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Myths & Facts About Applied Behavior Analysis

April 17, 2016

As we noted in our blog post about evidence-based practices for students with autism spectrum disorder, applied behavior analysis (ABA) has been repeatedly shown to improve outcomes for students with ASD. ABA practitioners are acutely aware that many myths surround the use of ABA in the school setting. These myths can sometimes prevent students from receiving a highly beneficial treatment for behaviors that impede their ability to function independently within an inclusive setting. We asked public school teachers, as well as faculty and staff in the Neurobehavioral Unit at Kennedy Krieger Institute, to address some of the most common myths surrounding ABA.

Myth: ABA is an experimental treatment and is not scientifically demonstrated to be effective.

Fact:  ABA is an evidence-based practice that has a substantial amount of peer-reviewed research demonstrating its effectiveness for increasing appropriate behaviors and decreasing problem behavior. In fact, there are several peer-reviewed journals devoted to publishing on scientific practices within the field of ABA.

For those who are unfamiliar with the peer review process, it involves having a panel of topic experts (scholars and practitioners) who evaluate the methods, data, and relevance of outlined procedures to determine if the findings are of importance and thus should be disseminated.

When reading about ABA, it is important to be critical and ensure that the author has cited studies and evidence from reputable peer-reviewed sources. 
 

Myth: ABA just uses food and toys to bribe kids into doing things, allowing kids to get hooked on edible rewards.

Fact: Practice within the field of ABA is driven by the concept of reinforcement. Reinforcement is when a stimulus is paired with a desired behavior. Practitioners use reinforcement to alter a person’s behavior through contingency planning.

For example, a student who is working on remembering to raise their hand before speaking in class might receive verbal praise for doing so during a class discussion. The teacher has already established that the student likes and is motivated by verbal praise, therefore the pairing of the praise with the desired behavior will work to make the behavior more likely to occur in the future. 

Sometimes students need more concrete or physical reinforcement than verbal praise. In these instances, tangible reinforcement might be used. Students might also access reinforcement by engaging in a preferred activity for a specific length of time.

Regardless of the type of reinforcement, a fade plan should be in place to help students maintain pro-social behaviors without requiring large amounts of contrived reinforcement.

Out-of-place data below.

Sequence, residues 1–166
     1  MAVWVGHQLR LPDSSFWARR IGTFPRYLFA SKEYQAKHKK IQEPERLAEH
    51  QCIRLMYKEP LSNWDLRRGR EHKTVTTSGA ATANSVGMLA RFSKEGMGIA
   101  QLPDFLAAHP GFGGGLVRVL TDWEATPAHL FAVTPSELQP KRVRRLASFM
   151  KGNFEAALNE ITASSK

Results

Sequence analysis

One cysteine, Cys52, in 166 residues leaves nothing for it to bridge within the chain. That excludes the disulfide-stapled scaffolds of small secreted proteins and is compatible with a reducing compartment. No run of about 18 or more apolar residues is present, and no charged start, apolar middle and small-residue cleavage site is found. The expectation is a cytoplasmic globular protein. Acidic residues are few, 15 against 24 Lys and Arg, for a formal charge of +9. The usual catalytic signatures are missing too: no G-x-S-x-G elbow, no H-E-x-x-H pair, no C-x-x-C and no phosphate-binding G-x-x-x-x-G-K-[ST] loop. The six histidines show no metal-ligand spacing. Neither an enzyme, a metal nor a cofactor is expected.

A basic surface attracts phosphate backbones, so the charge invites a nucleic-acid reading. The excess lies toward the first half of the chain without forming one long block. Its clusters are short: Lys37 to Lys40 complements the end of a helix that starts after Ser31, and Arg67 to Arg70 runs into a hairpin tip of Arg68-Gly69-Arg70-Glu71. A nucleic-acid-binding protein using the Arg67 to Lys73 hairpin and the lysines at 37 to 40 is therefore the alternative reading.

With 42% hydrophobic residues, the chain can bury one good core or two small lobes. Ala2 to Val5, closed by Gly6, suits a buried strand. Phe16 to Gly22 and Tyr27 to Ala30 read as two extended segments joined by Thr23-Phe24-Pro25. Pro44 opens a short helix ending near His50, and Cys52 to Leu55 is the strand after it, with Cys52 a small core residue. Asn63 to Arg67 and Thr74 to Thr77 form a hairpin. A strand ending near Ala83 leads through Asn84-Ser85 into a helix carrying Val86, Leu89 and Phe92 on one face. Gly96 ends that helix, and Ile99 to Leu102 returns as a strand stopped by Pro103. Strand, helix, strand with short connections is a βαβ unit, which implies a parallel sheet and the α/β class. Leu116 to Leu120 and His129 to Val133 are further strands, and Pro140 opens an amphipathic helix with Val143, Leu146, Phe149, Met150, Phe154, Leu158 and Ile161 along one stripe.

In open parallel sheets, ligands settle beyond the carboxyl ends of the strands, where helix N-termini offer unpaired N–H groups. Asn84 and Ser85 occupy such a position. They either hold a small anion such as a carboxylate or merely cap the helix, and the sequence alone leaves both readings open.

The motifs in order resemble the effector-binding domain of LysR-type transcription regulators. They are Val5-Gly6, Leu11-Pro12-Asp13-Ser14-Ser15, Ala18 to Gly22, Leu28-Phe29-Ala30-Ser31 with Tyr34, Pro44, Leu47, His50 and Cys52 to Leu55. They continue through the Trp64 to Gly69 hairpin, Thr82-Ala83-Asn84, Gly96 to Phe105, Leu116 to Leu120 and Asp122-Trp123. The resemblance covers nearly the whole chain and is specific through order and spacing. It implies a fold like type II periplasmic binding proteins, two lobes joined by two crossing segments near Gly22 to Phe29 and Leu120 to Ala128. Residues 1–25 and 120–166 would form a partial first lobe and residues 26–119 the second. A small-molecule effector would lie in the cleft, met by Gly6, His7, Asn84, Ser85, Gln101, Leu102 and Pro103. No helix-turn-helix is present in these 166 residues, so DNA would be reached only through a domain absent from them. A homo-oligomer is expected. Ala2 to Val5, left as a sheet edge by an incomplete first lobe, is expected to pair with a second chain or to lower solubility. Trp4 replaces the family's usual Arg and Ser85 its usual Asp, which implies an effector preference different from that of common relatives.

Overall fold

Myth: ABA is focused on punishment.

Fact: Often times, the term punishment is misunderstood – it refers to adding or removing a stimulus with the goal of decreasing the future frequency of behavior. For example, a student may lose access to a preferred item for a limited and specific length of time after engaging in a behavior that has been targeted to be decreased.

Punishment is one potential treatment component that may be used in an ABA program, but only when the behavior of concern warrants use and other less intrusive measures have failed.

If punishment is used, it should adhere to the ethical guidelines set forth for all behavior analysts to follow. Click here to view the ethical guidelines for BCBAs (4.08 and 4.09) .
 

Myth: ABA is a specialized therapy just for people with autism and is not useful for people with other diagnoses.

Fact: ABA therapies have been shown to improve behavior for students with ASD; however, they have also been used to help decrease problem behavior for students with a variety of backgrounds (Simonsen, Fairbanks, Briesch, Myers, & Sugai, 2008).

This includes classroom management (e.g. group contingencies) and direct intervention strategies for typically-developing students (Simonsen et al., 2008), students with intellectual disabilities (Horner et al., 2005), and students with emotional and/or behavioral disabilities (Wehby et al., 2003). 
Many believe this particular inaccurate view of ABA was perpetuated by the findings of Ivar Lovaas, a pioneer who worked to help improve the lives of children with autism (Lovaas, 1987).
 

References:

  • Simonsen, B., Fairmbanks, S., Briesch, A., Myers, D., & Sugai, G. (2008). Evidence-based practices in classroom management: Considerations for research to practice. Education and Treatment of Children, 31(3), 351-380.
  • Horner, R. H., Carr, E. G., Halle, J., McGee, G., Odom, S., & Wolery, M. (2005). The use of single-subject research to identify evidence-based practice in special education. Exceptional Children, 71(2), 165-179. doi:10.1177/001440290507100203
  • Wehby, J. H., Lane, K. L., & Falk, K. B. (2003). Academic instruction for students with emotional and behavioral disorders. Journal of Emotional and Behavioral Disorders, 11(4), 194-197.
  • Lovaas, O. I. (1987). Behavioral treatment and normal educational and intellectual functioning in young autistic children. Journal of Consulting and Clinical Psychology, 55(1), 3-9. doi:10.1037/0022-006X.55.1.3
     

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